Over the decades anyone who's a mover or shaker, along with those wishing to be, appear in Davos in a fascinating attempt at reading the global tea leaves. We know who they are and their ranks have grown to include celebrities -- actors, singers, authors -- who mix with the traditional grouping of financiers, politicians, and non-profit leaders.
As international sanctions against Iran were lifted over the weekend and as U.S.-Iranian relations dominated the headlines, Canadian Foreign Minister Stéphane Dion implied on the sidelines of a Cabinet-level retreat that the Government is considering dropping its sanctions against Iran, a move that would align Canada with its closest international partners. That the government recognizes the economic and strategic disadvantages associated with its inherited Iran policy is a major step toward constructive re-engagement with Tehran.
To be sure, the Forum once again generated news and social content about business trends, societal needs, industry insights and new voices in the global economy. But the real conversations in the hallways were that global business leaders are more concerned over the threat of Euro collapse than debating problems of income inequality.
Oxfam will take on the most powerful and wealthy organizations and individuals in the world. And the voice on this occasion is Winnie Byanyima, Oxfam's international spokesperson, speaking to the global elite as they gather this week in their annual state of the global economy meetings in Davos, Switzerland. And does she ever have a story to tell, backed by research and motivated by a deep sense of social justice. Byanyima will hit those people present with a remarkable and troubling truth: as of next year, over half of the world's wealth will be owned by the top 1 per cent. This is staggering, perhaps even representing the end of the economic order we have known and which sustained the West for decades.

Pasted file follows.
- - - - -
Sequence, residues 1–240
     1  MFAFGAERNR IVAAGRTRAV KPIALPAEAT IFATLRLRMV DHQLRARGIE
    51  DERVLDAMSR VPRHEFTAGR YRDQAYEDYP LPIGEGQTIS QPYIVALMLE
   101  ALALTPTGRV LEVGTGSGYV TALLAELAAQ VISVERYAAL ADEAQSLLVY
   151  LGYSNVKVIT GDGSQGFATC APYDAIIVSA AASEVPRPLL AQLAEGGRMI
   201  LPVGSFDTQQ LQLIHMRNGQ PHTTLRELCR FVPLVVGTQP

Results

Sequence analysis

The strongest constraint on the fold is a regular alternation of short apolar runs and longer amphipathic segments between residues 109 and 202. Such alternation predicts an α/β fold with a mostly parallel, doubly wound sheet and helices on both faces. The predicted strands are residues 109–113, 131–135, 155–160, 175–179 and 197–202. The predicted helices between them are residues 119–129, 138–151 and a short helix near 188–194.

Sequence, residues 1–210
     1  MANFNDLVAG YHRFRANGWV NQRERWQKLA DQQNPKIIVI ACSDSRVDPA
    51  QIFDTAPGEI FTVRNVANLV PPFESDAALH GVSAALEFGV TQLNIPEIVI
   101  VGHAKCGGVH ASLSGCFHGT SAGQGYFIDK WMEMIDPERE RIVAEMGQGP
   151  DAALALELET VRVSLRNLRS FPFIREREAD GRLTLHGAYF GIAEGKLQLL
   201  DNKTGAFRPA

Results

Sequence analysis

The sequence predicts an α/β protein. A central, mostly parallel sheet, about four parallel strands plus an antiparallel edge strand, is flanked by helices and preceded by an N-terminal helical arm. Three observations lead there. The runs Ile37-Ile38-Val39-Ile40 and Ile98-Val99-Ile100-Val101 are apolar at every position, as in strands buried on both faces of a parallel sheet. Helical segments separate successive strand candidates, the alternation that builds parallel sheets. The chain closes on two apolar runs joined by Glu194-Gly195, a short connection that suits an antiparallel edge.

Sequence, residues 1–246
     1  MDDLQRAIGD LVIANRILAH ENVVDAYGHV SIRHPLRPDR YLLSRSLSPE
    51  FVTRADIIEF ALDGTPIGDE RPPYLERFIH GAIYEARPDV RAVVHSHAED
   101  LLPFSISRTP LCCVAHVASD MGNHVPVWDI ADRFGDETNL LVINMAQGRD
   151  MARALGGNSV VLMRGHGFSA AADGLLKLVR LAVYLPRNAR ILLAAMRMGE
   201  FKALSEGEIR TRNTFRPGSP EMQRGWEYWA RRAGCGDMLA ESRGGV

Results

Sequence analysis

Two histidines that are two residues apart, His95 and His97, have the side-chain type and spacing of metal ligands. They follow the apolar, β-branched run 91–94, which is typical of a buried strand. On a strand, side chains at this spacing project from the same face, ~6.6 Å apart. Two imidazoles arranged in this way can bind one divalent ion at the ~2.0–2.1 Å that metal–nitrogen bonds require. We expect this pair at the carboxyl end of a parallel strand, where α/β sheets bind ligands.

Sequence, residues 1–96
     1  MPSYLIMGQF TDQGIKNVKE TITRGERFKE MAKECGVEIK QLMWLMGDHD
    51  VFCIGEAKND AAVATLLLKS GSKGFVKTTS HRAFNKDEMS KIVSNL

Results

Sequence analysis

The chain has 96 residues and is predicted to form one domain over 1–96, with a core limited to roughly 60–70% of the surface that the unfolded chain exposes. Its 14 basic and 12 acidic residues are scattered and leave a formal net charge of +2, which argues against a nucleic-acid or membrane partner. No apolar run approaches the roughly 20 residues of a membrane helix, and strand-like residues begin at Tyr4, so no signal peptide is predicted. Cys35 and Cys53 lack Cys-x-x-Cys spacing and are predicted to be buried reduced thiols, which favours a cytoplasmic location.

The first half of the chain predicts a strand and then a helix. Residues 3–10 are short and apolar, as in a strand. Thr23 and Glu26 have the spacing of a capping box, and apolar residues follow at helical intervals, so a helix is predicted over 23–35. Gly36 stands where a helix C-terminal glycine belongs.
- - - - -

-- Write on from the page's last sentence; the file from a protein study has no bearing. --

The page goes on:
The vibe at this week's Milken Institute conference in Los Angeles was certainly more upbeat than a few months ago at the World Economic Forum in Davos. The difference is that Davos is a global event and world prospects are not necessarily a great story, while the Milken confab is distinctly American and the facts are that the U.S. is back on top.
I realize that the beautiful spot in Switzerland is where the supposed brightest and best gather for a few sessions, yet the gathered crowd appears to grow more incapable every year at solving the globe's biggest problems. Perhaps the reason is because those gathered are not only intelligent and connected, but are, in fact, incredibly wealthy -- remote and removed from the everyday problems faced by average citizens in both developing and developed nations. There seem to be no effective solutions for growing unemployment, the decline of democracy, the yawning gap between rich and poor, and a world financial system seemingly out of control.
I am in Davos at the World Economic Forum (WEF) where the top issues that world leaders must address are: unstable global economy, eurozone fragility; and financial system instability. Climate change only ranks as the 7th issue. To me, it's like a group of business leaders and "experts" on the sinking Titanic discussing the fragility of champagne sales. I am deeply concerned about the Alice-in-Wonderland perception of the environment's big picture.
"Severe income disparity" is the most likely risk facing business and political leaders according to the World Economic Forum's Global Risk 2012 Report. This finding really caught me by surprise. So while the Occupy movement isn't anywhere on the agenda, here at Davos, its impact has been very much felt.